Why history education is important


Credit: Ethan Wu

Katy Zhang, Editor-in-chief

Every day in the hallway, many students complain about the history class they are in by saying “it is useless” or asking “why are we even learning it in the first place”. However, many students do not realize that history education is an essential part of human knowledge and can serve us great benefits in the long run which greatly outweigh the workload or supposedly lack of “practicability” of the subject. 

As historian.org suggests, though historians cannot build highways or code for computer softwares, they can, however,  provide data about how society behaved in the past with the presence of technology and infrastructure. These data are essential to the basic information about how society functions and serve as the primary source of the social environment just like how a laboratory functions in the science field. 

Nevertheless, history provides us with an identity.  By learning about history, individuals are able to learn about their past and the story of their origin. In history books, the transformations and stories of countries, communities and families over the past centuries can be condensed into pages filled with details and images, giving students a way to see the world in a short amount of time. By diving into the history of one’s own identity and family, we are able to see what role your family has played in different historical arenas in the world and how your community reacted to changes and conflicts.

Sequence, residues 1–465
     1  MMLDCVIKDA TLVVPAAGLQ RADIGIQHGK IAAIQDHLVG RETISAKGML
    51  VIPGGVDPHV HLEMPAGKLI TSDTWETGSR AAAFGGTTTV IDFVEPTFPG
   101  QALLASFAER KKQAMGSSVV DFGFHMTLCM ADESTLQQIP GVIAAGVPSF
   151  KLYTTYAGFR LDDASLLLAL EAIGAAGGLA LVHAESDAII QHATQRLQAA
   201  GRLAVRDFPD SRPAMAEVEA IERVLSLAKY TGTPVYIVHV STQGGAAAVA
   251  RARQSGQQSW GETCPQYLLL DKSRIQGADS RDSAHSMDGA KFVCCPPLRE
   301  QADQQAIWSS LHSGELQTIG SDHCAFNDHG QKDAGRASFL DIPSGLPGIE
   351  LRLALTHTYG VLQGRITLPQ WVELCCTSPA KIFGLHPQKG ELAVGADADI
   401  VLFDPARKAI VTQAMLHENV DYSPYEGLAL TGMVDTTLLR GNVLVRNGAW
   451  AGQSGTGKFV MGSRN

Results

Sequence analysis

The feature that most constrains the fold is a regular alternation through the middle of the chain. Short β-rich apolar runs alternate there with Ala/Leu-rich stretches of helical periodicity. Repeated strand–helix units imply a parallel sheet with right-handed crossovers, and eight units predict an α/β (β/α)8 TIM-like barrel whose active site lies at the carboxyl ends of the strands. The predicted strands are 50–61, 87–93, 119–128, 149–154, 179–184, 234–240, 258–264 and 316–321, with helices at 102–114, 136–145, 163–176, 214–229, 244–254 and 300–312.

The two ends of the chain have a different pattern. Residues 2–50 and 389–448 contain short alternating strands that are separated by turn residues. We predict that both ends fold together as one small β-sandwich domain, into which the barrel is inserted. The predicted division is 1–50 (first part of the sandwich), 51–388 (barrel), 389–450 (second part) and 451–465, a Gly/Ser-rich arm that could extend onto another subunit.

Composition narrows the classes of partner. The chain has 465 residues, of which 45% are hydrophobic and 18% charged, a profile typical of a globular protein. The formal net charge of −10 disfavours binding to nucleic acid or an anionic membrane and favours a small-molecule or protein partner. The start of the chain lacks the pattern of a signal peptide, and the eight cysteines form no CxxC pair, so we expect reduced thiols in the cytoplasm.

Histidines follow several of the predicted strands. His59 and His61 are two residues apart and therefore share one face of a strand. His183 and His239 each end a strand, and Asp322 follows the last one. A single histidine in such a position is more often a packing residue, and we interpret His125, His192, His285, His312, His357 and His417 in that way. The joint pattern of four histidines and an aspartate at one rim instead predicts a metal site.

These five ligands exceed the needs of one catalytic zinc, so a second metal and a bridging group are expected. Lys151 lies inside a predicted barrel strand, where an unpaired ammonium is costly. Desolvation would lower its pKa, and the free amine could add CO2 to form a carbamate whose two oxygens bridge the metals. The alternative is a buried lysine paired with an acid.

Lastly, history education can serve as a warning and lesson for the present generation. By learning about the history of war and political turmoil, we are able to be warned about the potential consequences of war and value the ideal of peace and prosperity of the society. By learning about how certain individuals and politics change people’s lives for the worse or the better. 

In conclusion, learning history can help us become better citizens of the world. By being aware of the cultural and political background of the country, we are better able to protect the democracy and freedom that our identity is built upon. It helps us become active in the current political environment and better able to voice our opinions and engage in the development of the country. 

So the next time you enter your history class, instead of looking on your phone and staring at your textbook, try to engage in the class discussion and remember the true purpose of history education that is far greater than your textbook notes.